export default Route.extend({  store: service(),
  setupController(controller, model) {    this._super(controller, model);    this.controller.set('form.title', '');    this.controller.set('', '');    this.controller.set('form.description', '');  },
  actions: {
    create() {      const form = this.controller.get('form');      const store = this.get('store');
      const newBook = store.createRecord('book', {        title: form.title,        author:,        description: form.description      });        .then(() => {          this.transitionTo('books');        });     },
     cancel() {       this.transitionTo('books');     }  }});

The setupController hook allows us to reset the form’s values. This is so that they don’t persist when we go back and forth through pages. We don’t want to click away to another page without having completed the create book process. If we do, we’ll come back to see the unused data still sitting in our form.

The create() action will take the form data and create a new record with the Ember Data store. It then persists it to the Django back end. Once complete it will transition the user back to the books route.

The cancel button transitions the user back to the books route.

6.1.4 Setup the create-book template

Next, in client/app/template/create-book.hbs we build the form:

<form class="form">
  <div class="header">    Add a new book  </div>
  {{input    value=form.title    name="title"    placeholder="Title"    autocomplete='off'  }}
  {{input    name="author"    placeholder="Author"    autocomplete='off'  }}
  {{textarea    value=form.description    name="description"    placeholder="Description"    rows=10  }}</form>
<div class="actions">  <div>    <button {{action 'create'}}>      Create    </button>    <button {{action 'cancel'}}>      Cancel    </button>  </div></div>

The form uses the built-in {{input}} helpers to:

  • take in values
  • display placeholders
  • turn autocomplete off.

The {{text}} area helper works in a similar way, with the addition of the number of rows.

The actions div contains the two buttons to create and cancel. Each button ties to its namesake action using the {{action}} helper.

6.1.5 Update the books route template

The final piece of the create book puzzle is to add a button in the books route. It will get us into the create-book route and begin creating a new book.

Add on to the bottom of client/app/templates/books.hbs:

{{#link-to 'create-book' class='btn btn-addBook'}}  Add Book{{/link-to}}

6.1.6 Demonstration: Can add a new book

Now if we go back and try to create a new book again we’ll find success. Click into the book to see a more detailed view:

Adding a new book to the library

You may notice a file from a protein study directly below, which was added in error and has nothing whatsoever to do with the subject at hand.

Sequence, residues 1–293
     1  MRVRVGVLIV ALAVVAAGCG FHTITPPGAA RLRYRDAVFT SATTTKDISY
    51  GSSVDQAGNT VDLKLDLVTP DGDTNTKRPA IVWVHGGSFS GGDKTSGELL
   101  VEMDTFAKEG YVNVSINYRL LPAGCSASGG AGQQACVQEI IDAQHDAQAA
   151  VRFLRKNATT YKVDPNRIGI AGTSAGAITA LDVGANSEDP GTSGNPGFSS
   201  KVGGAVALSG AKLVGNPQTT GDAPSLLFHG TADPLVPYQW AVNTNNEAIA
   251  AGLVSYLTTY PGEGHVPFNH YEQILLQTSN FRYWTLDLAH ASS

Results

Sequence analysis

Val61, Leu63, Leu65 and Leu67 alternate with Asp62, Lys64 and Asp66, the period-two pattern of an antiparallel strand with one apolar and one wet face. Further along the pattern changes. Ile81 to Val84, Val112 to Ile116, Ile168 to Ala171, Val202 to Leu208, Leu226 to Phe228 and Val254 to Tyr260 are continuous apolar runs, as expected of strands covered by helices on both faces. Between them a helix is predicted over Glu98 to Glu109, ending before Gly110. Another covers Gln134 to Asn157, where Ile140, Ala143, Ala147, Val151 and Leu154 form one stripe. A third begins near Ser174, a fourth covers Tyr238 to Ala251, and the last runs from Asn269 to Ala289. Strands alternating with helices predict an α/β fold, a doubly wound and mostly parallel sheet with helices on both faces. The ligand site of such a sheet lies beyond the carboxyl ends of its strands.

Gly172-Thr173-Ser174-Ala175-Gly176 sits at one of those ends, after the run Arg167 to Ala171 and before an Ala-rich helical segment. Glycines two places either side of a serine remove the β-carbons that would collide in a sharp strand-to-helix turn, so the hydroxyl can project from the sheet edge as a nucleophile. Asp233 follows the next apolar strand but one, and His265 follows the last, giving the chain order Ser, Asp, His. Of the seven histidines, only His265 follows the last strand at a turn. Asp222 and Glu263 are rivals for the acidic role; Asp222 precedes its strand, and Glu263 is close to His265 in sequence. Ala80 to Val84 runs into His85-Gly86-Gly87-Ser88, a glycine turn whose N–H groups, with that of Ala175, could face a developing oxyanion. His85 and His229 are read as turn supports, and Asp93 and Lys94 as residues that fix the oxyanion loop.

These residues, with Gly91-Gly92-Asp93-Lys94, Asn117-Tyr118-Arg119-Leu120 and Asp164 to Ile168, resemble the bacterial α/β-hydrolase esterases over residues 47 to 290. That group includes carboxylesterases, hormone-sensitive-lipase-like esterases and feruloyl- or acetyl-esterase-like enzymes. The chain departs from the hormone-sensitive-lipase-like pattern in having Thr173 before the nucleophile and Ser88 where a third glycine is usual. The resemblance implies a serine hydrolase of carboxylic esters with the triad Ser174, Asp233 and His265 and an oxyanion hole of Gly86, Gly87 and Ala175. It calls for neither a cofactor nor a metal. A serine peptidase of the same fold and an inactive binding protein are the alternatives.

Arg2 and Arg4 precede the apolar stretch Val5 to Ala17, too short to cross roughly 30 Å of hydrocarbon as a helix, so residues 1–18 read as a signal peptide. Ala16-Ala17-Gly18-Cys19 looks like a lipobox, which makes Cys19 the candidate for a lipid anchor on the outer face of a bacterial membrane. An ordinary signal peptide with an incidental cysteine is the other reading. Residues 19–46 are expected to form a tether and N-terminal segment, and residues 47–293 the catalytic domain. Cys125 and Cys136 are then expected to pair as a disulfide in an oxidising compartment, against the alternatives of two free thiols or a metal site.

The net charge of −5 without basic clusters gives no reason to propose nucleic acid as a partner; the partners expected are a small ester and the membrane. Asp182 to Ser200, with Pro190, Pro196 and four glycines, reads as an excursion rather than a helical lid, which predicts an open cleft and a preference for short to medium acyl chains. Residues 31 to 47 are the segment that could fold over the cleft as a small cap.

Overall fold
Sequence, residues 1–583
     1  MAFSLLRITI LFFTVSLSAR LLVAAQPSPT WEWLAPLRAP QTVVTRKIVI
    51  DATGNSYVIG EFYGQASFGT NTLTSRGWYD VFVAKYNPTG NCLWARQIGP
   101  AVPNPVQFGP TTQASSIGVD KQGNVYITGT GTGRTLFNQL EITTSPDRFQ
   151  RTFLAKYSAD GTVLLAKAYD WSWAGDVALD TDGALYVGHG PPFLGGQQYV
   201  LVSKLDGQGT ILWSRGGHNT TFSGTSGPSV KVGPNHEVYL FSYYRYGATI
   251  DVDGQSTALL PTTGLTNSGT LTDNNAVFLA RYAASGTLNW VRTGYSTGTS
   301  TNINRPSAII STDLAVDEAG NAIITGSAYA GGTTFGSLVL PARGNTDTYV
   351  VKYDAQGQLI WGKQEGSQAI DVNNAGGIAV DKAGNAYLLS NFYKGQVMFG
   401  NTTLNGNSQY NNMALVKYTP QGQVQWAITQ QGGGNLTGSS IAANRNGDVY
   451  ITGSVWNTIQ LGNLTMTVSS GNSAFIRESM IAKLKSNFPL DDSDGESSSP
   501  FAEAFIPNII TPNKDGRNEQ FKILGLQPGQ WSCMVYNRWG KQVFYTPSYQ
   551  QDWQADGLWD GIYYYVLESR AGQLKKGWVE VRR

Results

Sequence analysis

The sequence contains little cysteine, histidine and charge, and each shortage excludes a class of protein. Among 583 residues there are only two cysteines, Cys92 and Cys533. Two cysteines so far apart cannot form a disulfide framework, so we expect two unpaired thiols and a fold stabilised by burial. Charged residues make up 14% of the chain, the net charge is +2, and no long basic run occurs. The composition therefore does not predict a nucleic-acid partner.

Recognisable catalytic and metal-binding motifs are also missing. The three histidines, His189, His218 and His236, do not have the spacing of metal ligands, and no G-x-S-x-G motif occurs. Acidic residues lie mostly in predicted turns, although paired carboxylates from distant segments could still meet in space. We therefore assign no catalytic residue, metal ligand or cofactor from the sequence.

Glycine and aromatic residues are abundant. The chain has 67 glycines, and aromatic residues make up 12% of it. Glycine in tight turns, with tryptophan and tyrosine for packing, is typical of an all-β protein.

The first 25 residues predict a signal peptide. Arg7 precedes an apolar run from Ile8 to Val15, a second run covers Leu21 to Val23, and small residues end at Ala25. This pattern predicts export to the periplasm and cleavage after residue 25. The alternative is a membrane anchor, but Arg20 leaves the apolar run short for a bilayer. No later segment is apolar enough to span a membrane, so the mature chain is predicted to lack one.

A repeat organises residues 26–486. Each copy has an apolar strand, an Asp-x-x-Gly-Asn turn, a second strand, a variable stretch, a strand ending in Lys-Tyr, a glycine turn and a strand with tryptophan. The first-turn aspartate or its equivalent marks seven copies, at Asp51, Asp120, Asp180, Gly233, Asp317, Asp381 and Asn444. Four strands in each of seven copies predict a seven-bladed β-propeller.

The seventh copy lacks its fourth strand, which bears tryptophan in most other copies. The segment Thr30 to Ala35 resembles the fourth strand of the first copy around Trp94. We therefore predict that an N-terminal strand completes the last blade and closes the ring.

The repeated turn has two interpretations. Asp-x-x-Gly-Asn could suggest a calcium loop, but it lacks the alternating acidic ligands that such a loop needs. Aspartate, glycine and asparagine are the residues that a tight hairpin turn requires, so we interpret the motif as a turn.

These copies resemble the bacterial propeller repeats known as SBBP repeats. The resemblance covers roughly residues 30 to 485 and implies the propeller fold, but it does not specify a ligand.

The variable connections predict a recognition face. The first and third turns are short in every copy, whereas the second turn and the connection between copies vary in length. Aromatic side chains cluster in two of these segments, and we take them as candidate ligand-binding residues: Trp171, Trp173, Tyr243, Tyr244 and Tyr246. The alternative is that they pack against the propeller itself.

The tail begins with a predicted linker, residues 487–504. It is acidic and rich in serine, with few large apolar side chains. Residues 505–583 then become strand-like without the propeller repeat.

New book created and displayed

6.2 Deleting a book from the database

Now that we can add books to the database we should be able to delete them too.

6.2.1 Update the book route template

First update the book route’s template. Add on under book book--detail:

<div class="actions {{if confirmingDelete                         'u-justify-space-between'}}">
  {{#if confirmingDelete}}
    <div class="u-text-danger">      Are you sure you want to delete this book?    </div>
    <div>      <button {{action 'delete' model}}>Delete</button>      <button {{action (mut confirmingDelete)false}}>        Cancel      </button>    </div>
    <div>      <button {{action (mut confirmingDelete) true}}>Delete</button>    </div>

The actions div contains the buttons and text for the book deletion process.

We have a bool called confirmingDelete which will be set on the route’s controller. confirmingDelete adds the .u-justify-space-between utility class on actions when it’s true.

When it’s true, it also displays a prompt with the utility class .u-text-danger. This prompts the user to confirm deletion of the book. Two buttons show up. One to run delete action in our route. The other uses the mut helper to flip confirmingDelete to false.

When confirmingDelete is false (the default state) a single delete button display. Clicking it flips confirmingDelete to true. This then displays the prompt and the other two buttons.

6.2.2 Update the book route

Next update the book route. Under the model hook add:

setupController(controller, model) {  this._super(controller, model);  this.controller.set('confirmingDelete', false);},

In setupController we call this._super(). This is so the controller goes through its usual motions before we do our business. Then we set confirmingDelete to false.

Why do we do this? Let’s say we start to delete a book, but leave the page without either cancelling the action or deleting the book. When we go to any book page confirmingDelete would be set to true as a leftover.

Next let’s create an actions object that will hold our route actions:

actions: {
  delete(book) {    book.deleteRecord(); => {      this.transitionTo('books');    });  }}

The delete action as referenced in our template takes in a book. We run deleteRecord on the book and then save to persist the change. Once that promise completes transitionTo transitions to the books route (our list view).

6.2.3 Demonstration: Can delete an existing book

Let’s check this out in action. Run the servers and select a book you want to delete.

Delete button visible when confirmingDelete is false
Prompt to confirm deletion of book when confirmingDelete is true

When you delete the book it redirects to the books route.

6.3 Editing a book in the database

Last but not least we’ll add the functionality to edit an existing books information.

6.3.1 Update the book route template

Open up the book template and add a form to update book data:

{{#if isEditing}}
  <form class="form">    <div class="header">Edit</div>
    {{input      value=form.title      placeholder="Title"      autocomplete='off'    }}
    {{input      placeholder="Author"      autocomplete='off'    }}
    {{textarea      value=form.description      placeholder="Description"      rows=10    }}  </form>
  <div class="actions">    <div>      <button {{action 'update' model}}>Update</button>      <button {{action (mut isEditing) false}}>Cancel</button>    </div>  </div>